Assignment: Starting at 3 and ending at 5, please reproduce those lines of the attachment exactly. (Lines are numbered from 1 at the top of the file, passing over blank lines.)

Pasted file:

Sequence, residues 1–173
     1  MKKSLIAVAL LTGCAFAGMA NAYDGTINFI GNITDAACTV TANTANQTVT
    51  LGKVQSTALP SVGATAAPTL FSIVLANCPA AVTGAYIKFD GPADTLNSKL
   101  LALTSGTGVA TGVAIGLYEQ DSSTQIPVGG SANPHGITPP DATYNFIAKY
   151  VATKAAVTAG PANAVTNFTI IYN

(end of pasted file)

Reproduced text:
    51  LGKVQSTALP SVGATAAPTL FSIVLANCPA AVTGAYIKFD GPADTLNSKL
   101  LALTSGTGVA TGVAIGLYEQ DSSTQIPVGG SANPHGITPP DATYNFIAKY
   151  VATKAAVTAG PANAVTNFTI IYN